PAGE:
Last Call: What if we’ve been wrong about weight loss all along?

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Last CallLast CallLast Call is The Takeout’s online watering hole where you can chat, share recipes, and use the comment section as an open thread. Here’s what we’ve been reading/watching/listening around the office today.

A new way of looking at weight

There’s a fascinating article making the round in Huffington Post today, titled “Everything you know about obesity is wrong” by Michael Hobbes. It’s a long read, but a fascinating one, making the case that overweight people aren’t necessarily any more unhealthy than people who weigh less. Yes, we’ve heard that before. But Hobbes goes to show—via statistics and a number of heartrending personal stories from overweight people—how severely the odds remain stacked against them. For one thing, even as the number of larger Americans continues to rise, “the biases against them have become more severe. More than 40 percent of Americans classified as obese now say they experience stigma on a daily basis, a rate far higher than any other minority group.” Many of these people report horrible, demeaning treatment by their various medical professionals, as well as being bullied by their partners, failing to get promoted at work, etc. Hobbes’ article postulates that the stigma of being overweight is more damaging to people than being overweight is physically. Just a single read-through shifts your perception about diets (which really don’t work, according to Hobbes) and people of any size. So it’s definitely worth a re-read or two at the HuffPost today. [Gwen Ihnat]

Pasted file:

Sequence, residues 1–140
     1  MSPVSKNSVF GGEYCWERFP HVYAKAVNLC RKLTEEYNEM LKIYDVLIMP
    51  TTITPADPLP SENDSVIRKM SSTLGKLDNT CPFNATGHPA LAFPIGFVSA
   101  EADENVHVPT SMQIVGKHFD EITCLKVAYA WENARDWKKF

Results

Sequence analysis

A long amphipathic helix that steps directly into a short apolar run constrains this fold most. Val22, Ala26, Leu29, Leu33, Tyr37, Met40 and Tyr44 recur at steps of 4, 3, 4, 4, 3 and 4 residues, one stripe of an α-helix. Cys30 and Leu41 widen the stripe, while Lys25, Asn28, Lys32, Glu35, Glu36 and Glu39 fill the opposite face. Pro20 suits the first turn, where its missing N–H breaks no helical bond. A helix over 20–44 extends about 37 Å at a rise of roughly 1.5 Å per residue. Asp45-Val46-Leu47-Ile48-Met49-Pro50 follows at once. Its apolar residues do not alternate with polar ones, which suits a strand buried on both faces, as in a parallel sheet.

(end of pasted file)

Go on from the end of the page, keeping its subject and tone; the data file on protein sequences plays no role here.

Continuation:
On the border of China and North Korea

I’m fascinated by places I can never visit. North Korea is one such place—although 10 years ago, I almost did. When I was a reporter at the Chicago Tribune in 2008, I was sent to Beijing to cover the 2008 Summer Olympic Games. A reporter I met there told me that Americans actually could visit Pyongyang through this tour group called Koryo Tours, which has a working relationship with the North Korean government. The catch, though, is that I couldn’t reveal that I was a journalist. Was I willing to take the risk? The answer was no. So I’m left with books like this and documentaries like the one above, produced by ABC News. [Kevin Pang]

Gwen Ihnat is the Editorial Coordinator for The A.V. Club.

Kevin Pang was the founding editor of The Takeout, and director of the documentary For Grace.


Dr Emilio Lizardo

It isn’t always fat shaming. Despite the garbage you linked to, it is well accepted scientific fact that obese people have higher rates of hypertension, heart disease, stroke, diabetes, osteoarthritis, cancer, blood clots, and a few other things. It is absolutely appropriate for physicians to discuss it with patients and probably a serious oversight for them not to do so. Obesity is a new problem in roughly the last century, so blaming it on genetics is a copout at least to some extent.

Ccomparing fat shaming to the discrimination suffered by other minorities is the falseist of equivalencies. Losing weight is hard, probably harder than quitting smoking, but still vastly easier than not being black, female, or LGBTQ.